Notebook: Stitches can't slow Notre Dame's Rex Pflueger
BUFFALO, N.Y. – One quick thought rolled through the head of Notre Dame sophomore guard Rex Pflueger as it was being tended to by medical personnel early Thursday afternoon.
Someone get a selfie of it.
The California kid thought it looked pretty sweet. Social media ought to see it.
“It felt like I was in surgery in that room,” Pflueger said. “I had three doctors around me. I had a bright light (in his face). I thought it was real cool, talking the whole time trying to keep it light-hearted.
“It was a little bit of an experience.”
Pflueger absorbed an elbow to the left side of his head just below his hairline in the first half of Thursday’s opening-round NCAA Tournament game between No. 5 Notre Dame and No. 12 Princeton at KeyBank Center. He needed six stitches to close the wound.
“I’m not a big fan,” Pflueger said of the first-time experience. “All those needles going into your head – literally. But stuff happens. I was mad at first, but I realized stuff happens and I just bounced out of it.”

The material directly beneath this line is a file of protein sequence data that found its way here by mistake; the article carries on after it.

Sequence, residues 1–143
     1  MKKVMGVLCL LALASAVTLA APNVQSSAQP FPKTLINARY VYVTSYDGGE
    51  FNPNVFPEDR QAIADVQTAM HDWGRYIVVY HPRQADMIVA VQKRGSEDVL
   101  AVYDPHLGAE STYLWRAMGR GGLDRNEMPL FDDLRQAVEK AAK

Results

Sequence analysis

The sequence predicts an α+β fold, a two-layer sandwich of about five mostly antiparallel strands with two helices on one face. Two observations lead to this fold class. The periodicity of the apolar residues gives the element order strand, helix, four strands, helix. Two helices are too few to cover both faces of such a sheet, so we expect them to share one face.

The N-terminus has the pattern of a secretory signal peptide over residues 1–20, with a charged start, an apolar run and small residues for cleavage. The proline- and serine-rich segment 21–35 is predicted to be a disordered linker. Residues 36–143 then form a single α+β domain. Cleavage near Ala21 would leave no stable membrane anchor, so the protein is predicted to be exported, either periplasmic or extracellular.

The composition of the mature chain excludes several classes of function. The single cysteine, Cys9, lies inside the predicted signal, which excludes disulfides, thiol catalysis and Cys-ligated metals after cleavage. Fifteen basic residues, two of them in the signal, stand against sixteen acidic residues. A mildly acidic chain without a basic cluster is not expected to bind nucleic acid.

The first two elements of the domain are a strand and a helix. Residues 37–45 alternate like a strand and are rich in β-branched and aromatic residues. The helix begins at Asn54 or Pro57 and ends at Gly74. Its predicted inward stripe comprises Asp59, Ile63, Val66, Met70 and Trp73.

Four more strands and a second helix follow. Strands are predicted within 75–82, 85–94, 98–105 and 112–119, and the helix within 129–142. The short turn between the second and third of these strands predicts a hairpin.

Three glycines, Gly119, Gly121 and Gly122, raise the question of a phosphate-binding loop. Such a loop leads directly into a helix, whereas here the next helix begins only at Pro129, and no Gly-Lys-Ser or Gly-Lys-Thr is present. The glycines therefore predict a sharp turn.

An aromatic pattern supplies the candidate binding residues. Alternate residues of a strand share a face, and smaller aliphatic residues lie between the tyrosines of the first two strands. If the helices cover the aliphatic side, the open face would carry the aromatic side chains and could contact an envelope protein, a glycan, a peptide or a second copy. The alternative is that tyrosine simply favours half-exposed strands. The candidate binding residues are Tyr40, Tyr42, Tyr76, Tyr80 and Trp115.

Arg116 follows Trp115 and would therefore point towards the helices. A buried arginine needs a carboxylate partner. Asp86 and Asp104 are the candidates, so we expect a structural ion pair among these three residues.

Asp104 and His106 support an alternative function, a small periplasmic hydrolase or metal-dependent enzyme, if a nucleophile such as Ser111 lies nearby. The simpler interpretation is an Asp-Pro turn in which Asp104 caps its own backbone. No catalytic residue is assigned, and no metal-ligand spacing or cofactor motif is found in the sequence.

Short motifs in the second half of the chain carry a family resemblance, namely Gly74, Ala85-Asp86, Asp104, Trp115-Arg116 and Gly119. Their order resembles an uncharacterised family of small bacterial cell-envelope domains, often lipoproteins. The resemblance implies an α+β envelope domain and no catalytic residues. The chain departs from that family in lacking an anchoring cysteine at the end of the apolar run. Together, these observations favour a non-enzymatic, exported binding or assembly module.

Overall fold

Irish coach Mike Brey hoped his team would as well. And they did with a 60-58 victory to send them into the second round for a third-straight season.
“Pflueger gets dinged and is bleeding, I thought, ‘God, I don’t know about today?’” Brey said. “Is today going to be a weird day?”
Pflueger was popped by a Princeton player early in the first half. The minute it happened, he knew it was going to be bad. Pflueger and trainer Skip Meyer headed immediately to the locker room. Pflueger sprinted back out onto the floor and into an Irish huddle not much later during a timeout.